5 min read

    5 min read

    By now, it’s apparent Uber and Lyft are not big fans of AB5 in California. They have already committed $90 million to defeat AB5 and have sponsored a statewide ballot initiative specifically for rideshare drivers. Below, senior RSG contributor Paula Gibbins outlines how the Protect App-Based Drivers and Services Act initiative is coming along and what its goals are.

    Since AB5 was passed, Lyft, Uber and other rideshare and delivery app-based companies have been working toward either proving their exemption or creating a new law, which would allow the companies to continue treating their drivers like independent contractors.

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    Related reading: All About the Minimum Wage Uber and Lyft Want to Pay Drivers

    What’s Going On?

    There is a ballot measure that a coalition of rideshare and delivery drivers are trying to push the Protect App-Based Drivers & Services Act (PABDASA). This is a new law that would trump the AB5 law and be specific to rideshare and delivery drivers.

    This new law is quite extensive in nature and allows for a few things — such as guaranteed minimum wage, health insurance stipends and more. Plus, it would ensure drivers remain independent contractors instead of employees.

    In order to get this proposed act on the ballot during the November 2020 elections, they need to procure approximately 630,000 qualified signatures. Qualified signatures are legitimate signatures from California registered voters. So, be sure you’re registered to vote before you decide to sign (if you decide to sign).

    Uber has been aggressively courting drivers to support PABDASA, including messaging drivers through the app to state their opposition to AB5.

    This isn’t the first time Uber/Lyft have sent misleading messages to drivers. Recode reported in June 2019 of drivers receiving misleading messages from Uber and Lyft about AB5. According to Recode, these messages, which did not specifically reference AB5, encouraged drivers to sign the petition:

    Instead, they warn drivers that changes to California law could take away drivers’ options to drive at the times they want or work for more than one platform. For drivers who don’t speak or read English well, Uber’s and Lyft’s messages, which were not translated to other languages, have been even more confusing.

    Additionally, we heard from some drivers that Uber/Lyft may be paying $4-7 per signature to get more signatures and support for PABDASA, but RSG could not independently verify this information.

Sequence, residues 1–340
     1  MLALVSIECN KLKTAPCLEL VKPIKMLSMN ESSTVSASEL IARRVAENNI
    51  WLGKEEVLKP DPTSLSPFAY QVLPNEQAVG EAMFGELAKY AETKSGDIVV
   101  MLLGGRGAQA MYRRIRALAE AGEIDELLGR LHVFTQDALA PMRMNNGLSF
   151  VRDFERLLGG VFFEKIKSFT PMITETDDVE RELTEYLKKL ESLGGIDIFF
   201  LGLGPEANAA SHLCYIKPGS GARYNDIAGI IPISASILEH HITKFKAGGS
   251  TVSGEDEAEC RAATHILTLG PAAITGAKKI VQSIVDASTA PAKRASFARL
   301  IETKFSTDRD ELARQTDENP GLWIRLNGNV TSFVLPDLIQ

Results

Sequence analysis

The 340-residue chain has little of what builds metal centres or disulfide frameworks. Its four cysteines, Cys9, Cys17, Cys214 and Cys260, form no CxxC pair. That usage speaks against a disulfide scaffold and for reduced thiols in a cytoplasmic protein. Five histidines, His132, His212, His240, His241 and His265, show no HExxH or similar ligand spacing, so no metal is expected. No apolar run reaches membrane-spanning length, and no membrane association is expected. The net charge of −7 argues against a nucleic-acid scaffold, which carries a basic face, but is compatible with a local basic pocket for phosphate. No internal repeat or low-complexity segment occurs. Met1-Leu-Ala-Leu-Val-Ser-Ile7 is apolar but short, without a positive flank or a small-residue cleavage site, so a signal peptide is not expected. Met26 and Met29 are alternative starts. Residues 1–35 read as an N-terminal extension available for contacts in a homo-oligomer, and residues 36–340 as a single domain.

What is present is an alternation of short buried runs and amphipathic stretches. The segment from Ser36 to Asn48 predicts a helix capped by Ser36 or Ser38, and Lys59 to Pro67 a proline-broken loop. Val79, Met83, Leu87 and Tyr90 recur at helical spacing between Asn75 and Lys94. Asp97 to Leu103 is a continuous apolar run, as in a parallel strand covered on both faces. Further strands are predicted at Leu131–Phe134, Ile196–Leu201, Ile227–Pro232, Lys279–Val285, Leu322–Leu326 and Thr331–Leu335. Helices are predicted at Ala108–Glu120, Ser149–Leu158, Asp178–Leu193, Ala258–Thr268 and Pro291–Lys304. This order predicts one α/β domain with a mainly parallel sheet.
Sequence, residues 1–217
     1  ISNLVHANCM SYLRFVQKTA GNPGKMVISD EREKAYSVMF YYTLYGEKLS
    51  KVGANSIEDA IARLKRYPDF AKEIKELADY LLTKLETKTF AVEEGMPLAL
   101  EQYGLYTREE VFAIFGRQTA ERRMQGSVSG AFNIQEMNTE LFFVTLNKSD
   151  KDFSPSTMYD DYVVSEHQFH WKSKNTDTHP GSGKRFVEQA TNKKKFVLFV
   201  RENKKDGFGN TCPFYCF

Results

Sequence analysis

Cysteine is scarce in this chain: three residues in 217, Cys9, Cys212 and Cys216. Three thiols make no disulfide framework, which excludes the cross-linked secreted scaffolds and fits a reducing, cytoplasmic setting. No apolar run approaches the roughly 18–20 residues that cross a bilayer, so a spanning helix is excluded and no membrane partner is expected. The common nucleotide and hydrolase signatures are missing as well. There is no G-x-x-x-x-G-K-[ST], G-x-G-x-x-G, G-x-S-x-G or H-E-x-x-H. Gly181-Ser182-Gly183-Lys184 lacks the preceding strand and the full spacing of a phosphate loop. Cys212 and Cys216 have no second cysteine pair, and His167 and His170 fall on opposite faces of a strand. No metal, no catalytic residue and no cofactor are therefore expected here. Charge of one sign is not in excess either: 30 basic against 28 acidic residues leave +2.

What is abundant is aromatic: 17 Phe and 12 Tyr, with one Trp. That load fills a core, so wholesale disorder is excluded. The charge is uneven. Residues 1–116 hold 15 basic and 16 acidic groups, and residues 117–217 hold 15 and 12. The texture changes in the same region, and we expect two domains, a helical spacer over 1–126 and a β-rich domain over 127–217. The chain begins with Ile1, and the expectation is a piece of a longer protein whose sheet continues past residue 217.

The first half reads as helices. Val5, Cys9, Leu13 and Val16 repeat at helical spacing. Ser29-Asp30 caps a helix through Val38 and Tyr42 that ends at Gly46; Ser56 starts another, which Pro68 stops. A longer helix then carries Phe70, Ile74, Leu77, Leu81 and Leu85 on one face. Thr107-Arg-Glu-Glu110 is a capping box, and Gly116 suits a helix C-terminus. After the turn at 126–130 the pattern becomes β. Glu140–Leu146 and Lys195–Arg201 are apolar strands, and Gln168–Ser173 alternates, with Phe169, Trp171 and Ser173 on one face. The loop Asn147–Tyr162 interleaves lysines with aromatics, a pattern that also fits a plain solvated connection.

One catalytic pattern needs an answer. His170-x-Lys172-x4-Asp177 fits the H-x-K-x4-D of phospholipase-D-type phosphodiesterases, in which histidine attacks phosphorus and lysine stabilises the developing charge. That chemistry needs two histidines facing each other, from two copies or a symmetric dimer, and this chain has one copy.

What Does the Ballot Measure Really Say?

    The short answer? A lot. See some screenshots below, but if you want to read the whole thing, take a look!

    The purpose of the proposed new law

    In this section, this is stating that the purpose of the law is to protect the rights of Californians to work as independent contractors (including delivery and rideshare) and all that it entails.


    Proposed guaranteed minimum wage

    This section proposes a guaranteed minimum wage (the state of California’s minimum wage or, if a local government’s is higher, then that minimum wage) for drivers and delivery couriers.

    Proposed healthcare stipend

    This section covers the healthcare stipend, or subsidy, provided to Uber and Lyft drivers (or any app-based driver, including delivery).

    What Are the Next Steps?

    If they obtain enough signatures by the deadline for getting on the ballot for the November 2020 elections, then the general voting public of California will get a chance to vote on it.

    The deadline is basically by June 25, which is the last day for the Secretary of State to determine that the measure qualifies for the ballot. To see the full list of suggested deadlines, take a look at this appendix.

    If it makes it on the ballot and the California voting public votes to approve it, it will become a new state law. Keep in mind, this is not creating an exemption from AB5… it is a new law that specifically pertains to rideshare and delivery drivers.

    It was announced recently that the coalition of drivers supporting PABDASA have collected 25% of the signatures needed to get on the ballot in only three weeks of signature gathering. The campaign expects to collect around 1 million signatures overall — well over the ~630,000 needed.

    If it doesn’t get on the ballot or doesn’t pass, then the likely next steps would be for Uber and Lyft to continue to try to fight the AB5 law by using the arguments they’ve laid out in the past — namely, that AB5 doesn’t pertain to them because their drivers are not the core of their business and therefore do not have to reclassify them as employees.

    Should Drivers Add Their Signatures?

    That’s up to you, California drivers and voters. What do you think?

    This law would guarantee your right to be an independent contractor, and would add a few perks compared to what you’ve known from the past. Read through the proposed law and see if it’s a good fit for you. And if you want to add your signature, you can do so right here.

    Would you support something like PABDASA, even if you’re not a California driver? What are your predictions for this initiative – will it make it on the November 2020 ballot in California?

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    -Paula @ RSG

    Paula Gibbins

    Paula Gibbins

    Paula Gibbins, a graduate of Augustana University, Sioux Falls, is a part-time rideshare driver and a full-time proofreader. She is based in Minneapolis/St. Paul. In her free time, Paula enjoys reading, playing board games and participating in trivia nights.